UTSA Football Removes Texas Battlecry ‘Come and Take It’ from Games: Here’s Why

by Matthew Memrick
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The University of Texas-San Antonio dropped its “Come and Take It” slogan before football games this season.

The school played its first game of the season this past weekend and beat Lamar 54-0.

UTSA President Taylor Eighmy told students, staff, and faculty on Sept. 7 that the rallying cry was not allowed at college football games this year. Last year, the pandemic kept it from being played as fans were not allowed to games.

The UT System Board of Regents, which oversees all Texas public universities, did not support UTSA’s decision, according to Fox News.

According to the San Antonio Express-News, fans chanted the slogan and brought a flag.

UTSA School President Has Issue With Battlecry

The “Come and Take It” slogan has drawn fire for its potential racial connotations in the past few years.

In past college football games, a flag reading “Come and Take It” would be unfurled during the fourth quarter. A cannon is also fired at that point. 

Despite the possibility of a task force to tackle the phase in August, Eighmy ended the tradition without any consultation. 

In the letter, the school president said the issue had become a distraction and unfortunately shifted focus from future work.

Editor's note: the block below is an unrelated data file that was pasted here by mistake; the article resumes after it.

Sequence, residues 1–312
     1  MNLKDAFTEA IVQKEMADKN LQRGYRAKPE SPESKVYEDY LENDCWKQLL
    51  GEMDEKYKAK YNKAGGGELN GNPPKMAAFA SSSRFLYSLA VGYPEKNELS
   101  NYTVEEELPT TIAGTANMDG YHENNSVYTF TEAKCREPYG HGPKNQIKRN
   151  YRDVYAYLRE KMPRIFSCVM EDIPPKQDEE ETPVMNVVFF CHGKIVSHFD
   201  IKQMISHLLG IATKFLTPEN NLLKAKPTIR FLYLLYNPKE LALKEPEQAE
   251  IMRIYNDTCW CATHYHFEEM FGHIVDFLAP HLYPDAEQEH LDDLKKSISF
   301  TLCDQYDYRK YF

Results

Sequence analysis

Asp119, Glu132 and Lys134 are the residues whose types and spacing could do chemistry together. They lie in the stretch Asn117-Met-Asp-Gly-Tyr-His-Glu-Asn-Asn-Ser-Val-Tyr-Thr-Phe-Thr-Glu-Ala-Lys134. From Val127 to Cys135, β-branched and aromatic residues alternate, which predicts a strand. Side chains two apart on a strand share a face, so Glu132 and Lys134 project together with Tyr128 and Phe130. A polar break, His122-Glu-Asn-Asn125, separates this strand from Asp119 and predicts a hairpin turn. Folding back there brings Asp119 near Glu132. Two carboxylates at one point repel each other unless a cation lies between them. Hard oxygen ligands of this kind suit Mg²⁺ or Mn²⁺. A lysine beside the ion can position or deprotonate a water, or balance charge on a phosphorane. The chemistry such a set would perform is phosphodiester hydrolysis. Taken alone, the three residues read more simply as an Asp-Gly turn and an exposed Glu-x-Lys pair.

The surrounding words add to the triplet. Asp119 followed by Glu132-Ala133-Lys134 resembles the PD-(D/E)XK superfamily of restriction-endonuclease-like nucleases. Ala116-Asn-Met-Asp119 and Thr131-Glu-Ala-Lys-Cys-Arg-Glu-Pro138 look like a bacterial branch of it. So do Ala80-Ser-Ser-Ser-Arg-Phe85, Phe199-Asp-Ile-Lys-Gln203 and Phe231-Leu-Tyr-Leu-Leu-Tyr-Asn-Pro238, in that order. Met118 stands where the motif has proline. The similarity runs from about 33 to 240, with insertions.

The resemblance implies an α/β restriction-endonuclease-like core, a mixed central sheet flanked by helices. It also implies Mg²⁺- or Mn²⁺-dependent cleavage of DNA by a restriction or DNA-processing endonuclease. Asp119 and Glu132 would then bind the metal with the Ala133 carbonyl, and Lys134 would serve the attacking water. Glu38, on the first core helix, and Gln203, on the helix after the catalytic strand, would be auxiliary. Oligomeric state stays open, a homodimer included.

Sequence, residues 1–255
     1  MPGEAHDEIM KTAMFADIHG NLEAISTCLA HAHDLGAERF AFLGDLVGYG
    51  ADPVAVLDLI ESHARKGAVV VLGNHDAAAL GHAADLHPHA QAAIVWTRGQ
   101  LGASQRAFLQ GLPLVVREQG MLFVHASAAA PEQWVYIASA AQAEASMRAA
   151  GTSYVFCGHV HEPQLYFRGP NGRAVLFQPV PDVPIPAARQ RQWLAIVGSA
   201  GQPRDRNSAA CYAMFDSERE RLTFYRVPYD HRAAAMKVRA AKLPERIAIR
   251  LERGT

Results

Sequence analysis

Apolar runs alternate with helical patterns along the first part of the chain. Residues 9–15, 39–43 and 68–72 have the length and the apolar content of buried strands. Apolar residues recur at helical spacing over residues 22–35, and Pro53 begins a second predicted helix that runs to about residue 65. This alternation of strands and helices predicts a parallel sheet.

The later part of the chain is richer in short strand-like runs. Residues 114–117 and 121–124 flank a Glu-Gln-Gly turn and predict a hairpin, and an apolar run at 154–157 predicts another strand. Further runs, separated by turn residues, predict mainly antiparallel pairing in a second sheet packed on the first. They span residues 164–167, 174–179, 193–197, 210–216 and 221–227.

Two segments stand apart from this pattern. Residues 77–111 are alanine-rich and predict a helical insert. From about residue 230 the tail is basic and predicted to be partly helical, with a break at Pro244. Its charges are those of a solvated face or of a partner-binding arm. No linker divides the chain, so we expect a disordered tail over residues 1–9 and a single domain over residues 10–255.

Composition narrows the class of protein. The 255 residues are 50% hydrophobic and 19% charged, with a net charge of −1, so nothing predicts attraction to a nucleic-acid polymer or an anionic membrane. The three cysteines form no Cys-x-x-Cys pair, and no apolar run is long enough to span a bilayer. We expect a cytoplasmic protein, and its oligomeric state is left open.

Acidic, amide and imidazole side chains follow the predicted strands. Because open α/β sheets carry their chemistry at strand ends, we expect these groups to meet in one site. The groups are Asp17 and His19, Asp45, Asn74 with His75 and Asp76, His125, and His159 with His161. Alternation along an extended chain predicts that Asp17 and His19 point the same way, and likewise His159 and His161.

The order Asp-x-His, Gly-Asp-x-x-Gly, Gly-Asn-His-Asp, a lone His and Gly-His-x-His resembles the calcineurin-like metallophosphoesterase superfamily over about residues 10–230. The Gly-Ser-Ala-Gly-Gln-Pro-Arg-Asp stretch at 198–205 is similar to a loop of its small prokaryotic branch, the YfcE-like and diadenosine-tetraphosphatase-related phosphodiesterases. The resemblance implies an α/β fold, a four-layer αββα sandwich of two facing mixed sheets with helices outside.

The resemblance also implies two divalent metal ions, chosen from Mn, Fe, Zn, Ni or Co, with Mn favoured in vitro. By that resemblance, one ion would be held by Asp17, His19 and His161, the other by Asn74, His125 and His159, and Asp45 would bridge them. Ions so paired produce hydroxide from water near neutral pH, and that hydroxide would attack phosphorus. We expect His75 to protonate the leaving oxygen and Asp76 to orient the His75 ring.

The school also ended its use of the phrase in its digital environment. It also ended connections with merchandise, buildings, and playing fields, among other things.

Football Battlecry Has A History

The school president said the battlecry had changed since it was adopted.

A Nov. 23, 2019 college football home game was the last time the school used the battlecry. Since then, Eighmy said organizations and movements had adopted the term for their political motives.

“A simple online search of webpages, articles and images involving this phrase reveals the myriad of ways numerous organizations have adopted it for their particular cause,” he wrote.

For three years, the school used the tradition to inspire college football fans. It has roots in the Texas Revolution, as the phrase was said to come from an 1836 Gonazlez skirmish. Then, it served to challenge Mexican forces to “come and take (their cannon), according to Britannica.

A past online petition calling for the school to stop using the slogan. The petition said the motto has “carried those white supremacist beliefs from 1835 to today.”

Now, some see the phrase as “both anti-Mexican and pro-slavery sentiments.”

At the same time, it has “also been widely adopted by anti-government, pro-gun extremists.”

Other schools like Army have dropped their slogans over the years. The school axed its “God Forgives, Brothers Don’t” for its ties to white supremacy groups.

Meanwhile, The UT System Board of Regents Chairman Kevin P. Eltife did not support UTSA’s decision.

Eltife said the “Come and Take It” flag had a deep meaning for many Texans. The chairman expressed his disappointment in the decision and vowed to bring the issue up with the board.

Outsider.com